The relationship between fans and owners in the Premier League has always been a suspicious one. At least, it is on the fans’ side with most supporters living in perpetual fear that the owners of their club are trying to pull the wool over their eyes. Of course, sometimes there is genuine cause for concern and at other times, fans can adopt an overly righteous attitude toward the goings-on at their club. In essence, fans expect owners to reinvest every penny they receive so that they can win trophies and beat their rivals. Needless to say, as soon as that doesn’t appear to be the case, a wave of criticism is directed at the owners who are accused of buying a club purely to further their own means.
The uncomfortable truth is that the Premier League is big business nowadays and the consortiums that pay eye-watering sums to take ownership of a club don’t do it out of the goodness of their hearts. That doesn’t mean that their tenure at a particular club won’t bring the best of times in the form of trophies won. But in general, they will be seeking some type of financial return. With this in mind, is there money to be made from buying a Premier League club?
Ellis gets the short end of the stick
It depends on who you ask is the quick answer. Take for instance Ellis Short, the former owner of Sunderland, and the tailspin he got himself into whilst in the North East of England. Ultimately, many have read that short lost his billionaire status owing to the financial woes the club went through following relegation from the Premier League and then the Championship. The American businessman was eventually able to sell the club in 2018 after a decade of owning it and it’s safe to say that the 61-year-old won’t be investing in football anytime soon after losing in the region of $250 million.
Sheikh Mansour gets it right
There are, however, also astonishing stories of success in terms of a club’s appreciation value. Indeed, Sheikh Mansour’s buyout of Manchester City is the best example after purchasing the club for $212 million in 2008. Since then, City have won six Premier League titles and a recent evaluation of the club has priced it at an astonishing $4bn. In many ways, you can say that not even Sheikh Mansour could have predicted just how lucrative his ownership would prove to be.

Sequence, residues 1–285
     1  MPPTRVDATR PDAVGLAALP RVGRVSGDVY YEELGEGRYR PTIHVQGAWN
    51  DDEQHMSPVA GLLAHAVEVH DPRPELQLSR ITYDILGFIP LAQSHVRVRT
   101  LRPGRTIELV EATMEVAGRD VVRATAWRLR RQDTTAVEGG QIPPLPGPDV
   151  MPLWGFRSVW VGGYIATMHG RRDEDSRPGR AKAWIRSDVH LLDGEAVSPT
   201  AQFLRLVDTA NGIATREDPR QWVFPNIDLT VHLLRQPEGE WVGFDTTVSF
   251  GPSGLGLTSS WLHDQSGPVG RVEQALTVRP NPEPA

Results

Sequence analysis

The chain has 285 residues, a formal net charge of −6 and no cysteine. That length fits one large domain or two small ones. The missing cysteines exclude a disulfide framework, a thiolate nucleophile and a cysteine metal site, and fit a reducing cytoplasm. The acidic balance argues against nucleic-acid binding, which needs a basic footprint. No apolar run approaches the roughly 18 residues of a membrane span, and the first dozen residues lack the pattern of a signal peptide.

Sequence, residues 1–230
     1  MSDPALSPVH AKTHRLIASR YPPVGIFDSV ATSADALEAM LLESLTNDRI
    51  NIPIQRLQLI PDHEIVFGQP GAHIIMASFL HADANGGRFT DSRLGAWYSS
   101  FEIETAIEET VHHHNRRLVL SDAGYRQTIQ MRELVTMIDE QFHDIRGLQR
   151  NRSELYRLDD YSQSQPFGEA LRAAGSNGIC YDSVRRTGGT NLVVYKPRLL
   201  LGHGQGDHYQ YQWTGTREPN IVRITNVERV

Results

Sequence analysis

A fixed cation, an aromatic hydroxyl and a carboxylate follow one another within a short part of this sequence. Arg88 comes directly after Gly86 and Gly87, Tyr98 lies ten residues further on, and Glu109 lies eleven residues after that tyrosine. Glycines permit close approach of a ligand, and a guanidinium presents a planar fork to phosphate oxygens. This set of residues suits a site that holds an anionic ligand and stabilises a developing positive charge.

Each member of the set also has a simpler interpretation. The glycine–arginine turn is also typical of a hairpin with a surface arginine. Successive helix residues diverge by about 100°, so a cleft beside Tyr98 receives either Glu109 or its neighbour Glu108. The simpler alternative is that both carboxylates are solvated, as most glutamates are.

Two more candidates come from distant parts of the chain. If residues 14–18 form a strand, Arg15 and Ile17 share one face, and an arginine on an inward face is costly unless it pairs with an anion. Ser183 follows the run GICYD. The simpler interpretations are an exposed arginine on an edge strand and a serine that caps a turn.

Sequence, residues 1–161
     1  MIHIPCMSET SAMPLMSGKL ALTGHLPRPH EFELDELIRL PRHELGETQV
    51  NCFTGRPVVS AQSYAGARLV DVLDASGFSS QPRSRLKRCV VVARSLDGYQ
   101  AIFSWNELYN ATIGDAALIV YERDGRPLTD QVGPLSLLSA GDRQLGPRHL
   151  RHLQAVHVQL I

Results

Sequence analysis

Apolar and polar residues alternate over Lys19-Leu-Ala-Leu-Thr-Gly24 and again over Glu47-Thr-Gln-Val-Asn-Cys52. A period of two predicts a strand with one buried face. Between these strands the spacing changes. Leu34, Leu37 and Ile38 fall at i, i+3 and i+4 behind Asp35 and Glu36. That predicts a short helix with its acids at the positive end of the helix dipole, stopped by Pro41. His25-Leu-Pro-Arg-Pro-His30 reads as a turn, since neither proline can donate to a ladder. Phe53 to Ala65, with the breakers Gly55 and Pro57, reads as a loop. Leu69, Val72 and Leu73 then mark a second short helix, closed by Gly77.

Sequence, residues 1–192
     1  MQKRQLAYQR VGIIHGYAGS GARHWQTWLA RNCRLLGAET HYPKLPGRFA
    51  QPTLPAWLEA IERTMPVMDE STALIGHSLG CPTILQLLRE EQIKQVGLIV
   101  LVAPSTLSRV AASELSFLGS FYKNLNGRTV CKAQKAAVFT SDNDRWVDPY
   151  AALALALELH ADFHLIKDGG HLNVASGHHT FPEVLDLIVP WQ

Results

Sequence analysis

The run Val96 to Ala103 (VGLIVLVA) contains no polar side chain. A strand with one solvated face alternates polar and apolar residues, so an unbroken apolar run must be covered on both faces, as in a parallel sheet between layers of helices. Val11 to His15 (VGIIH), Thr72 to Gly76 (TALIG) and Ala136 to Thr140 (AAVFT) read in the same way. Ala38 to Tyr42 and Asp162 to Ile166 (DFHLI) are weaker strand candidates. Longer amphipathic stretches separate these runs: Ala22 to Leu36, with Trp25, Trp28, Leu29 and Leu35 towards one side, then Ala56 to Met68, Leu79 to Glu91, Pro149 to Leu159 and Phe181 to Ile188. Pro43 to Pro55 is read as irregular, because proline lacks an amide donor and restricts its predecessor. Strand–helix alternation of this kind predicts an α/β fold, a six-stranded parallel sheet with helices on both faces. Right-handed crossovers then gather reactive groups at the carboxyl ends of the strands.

Granted, the member of the Abu Dhabi royal family had the vision and perhaps, more importantly, the funds to make it a reality, but to read reports that his investment became twenty times what he initially paid in the space of just twelve years is an outcome that, as mentioned, even he would have battled to predict.
Have football clubs helped subside an owner’s core business?
Something else of interest that eagle-eyed fans would have seen in the latest business news is that Mansour’s airline has been recording significant losses over the last few years. Revealingly, Etihad Airways posted a $476 million loss in 2021 which does in some respects, go to show how critical Man City’s success is to Mansour and not just a hobby on the sideline that he can afford to see lose money.
The good news is that more of this unprecedented success is forecast in the 2022/2023 season as City are priced at 4/6, as of the 26th of May, to win a hat-trick of Premier League trophies. You can read more here about the odds and see further proof that Mansour’s City are destined for another season of silverware under the inspired management of Pep Guardiola. Indeed, the Spaniard also deserves huge credit for his role in making City one of the richest sporting enterprises in the world courtesy of his groundbreaking coaching, and relentless desire to discover the latest in health and fitness in order to make sure that his team is physically superior to the opposition.
In addition to that and with the help of Mansour’s vast wealth, City have been able to invest in the most up-to-date technology to ensure that this team stays at the summit of English football. If they are able to carry on doing that for the next five years, then you can be certain that Manchester City’s value will be close to $10bn by the end of it. Ultimately, this is unequivocal proof that there is money to be made from buying a Premier League club.